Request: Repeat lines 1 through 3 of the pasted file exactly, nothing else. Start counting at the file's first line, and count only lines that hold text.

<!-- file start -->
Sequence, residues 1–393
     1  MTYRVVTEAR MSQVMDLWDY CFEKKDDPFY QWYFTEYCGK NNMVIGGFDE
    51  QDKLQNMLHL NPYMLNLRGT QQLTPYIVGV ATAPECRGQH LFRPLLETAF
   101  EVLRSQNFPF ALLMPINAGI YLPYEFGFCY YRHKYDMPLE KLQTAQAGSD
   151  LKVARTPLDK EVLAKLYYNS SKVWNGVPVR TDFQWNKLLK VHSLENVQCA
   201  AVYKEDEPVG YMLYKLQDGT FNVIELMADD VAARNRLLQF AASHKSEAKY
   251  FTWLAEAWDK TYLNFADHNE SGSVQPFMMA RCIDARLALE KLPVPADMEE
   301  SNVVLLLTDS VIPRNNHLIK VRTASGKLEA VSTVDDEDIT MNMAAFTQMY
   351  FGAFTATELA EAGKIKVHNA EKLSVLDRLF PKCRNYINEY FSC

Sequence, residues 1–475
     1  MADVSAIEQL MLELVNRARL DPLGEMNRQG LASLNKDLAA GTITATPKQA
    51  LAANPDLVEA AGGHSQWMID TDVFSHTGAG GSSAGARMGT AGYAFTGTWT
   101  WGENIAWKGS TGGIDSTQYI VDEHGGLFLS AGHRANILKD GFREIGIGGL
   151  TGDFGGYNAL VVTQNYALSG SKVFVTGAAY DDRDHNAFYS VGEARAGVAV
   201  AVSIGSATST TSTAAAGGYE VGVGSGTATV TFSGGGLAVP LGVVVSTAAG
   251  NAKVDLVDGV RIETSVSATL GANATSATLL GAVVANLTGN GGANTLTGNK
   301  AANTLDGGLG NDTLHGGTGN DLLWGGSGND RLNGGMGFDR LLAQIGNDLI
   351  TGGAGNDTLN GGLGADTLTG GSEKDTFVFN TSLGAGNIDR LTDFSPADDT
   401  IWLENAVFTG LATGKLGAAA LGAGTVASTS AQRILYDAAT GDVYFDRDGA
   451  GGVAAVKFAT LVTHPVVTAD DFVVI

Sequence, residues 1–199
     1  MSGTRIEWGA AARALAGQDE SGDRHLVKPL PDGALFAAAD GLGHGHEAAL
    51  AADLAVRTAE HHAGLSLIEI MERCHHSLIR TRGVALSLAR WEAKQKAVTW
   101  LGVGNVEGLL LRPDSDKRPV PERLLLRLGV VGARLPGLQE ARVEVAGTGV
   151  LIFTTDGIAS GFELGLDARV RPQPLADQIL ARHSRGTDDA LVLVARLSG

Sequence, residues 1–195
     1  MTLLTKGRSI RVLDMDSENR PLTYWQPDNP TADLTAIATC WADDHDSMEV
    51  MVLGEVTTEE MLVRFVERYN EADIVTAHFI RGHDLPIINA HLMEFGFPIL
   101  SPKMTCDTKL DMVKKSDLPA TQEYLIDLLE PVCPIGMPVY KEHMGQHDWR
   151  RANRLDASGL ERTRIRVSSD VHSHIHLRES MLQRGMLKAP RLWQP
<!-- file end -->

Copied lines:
Sequence, residues 1–393
     1  MTYRVVTEAR MSQVMDLWDY CFEKKDDPFY QWYFTEYCGK NNMVIGGFDE
    51  QDKLQNMLHL NPYMLNLRGT QQLTPYIVGV ATAPECRGQH LFRPLLETAF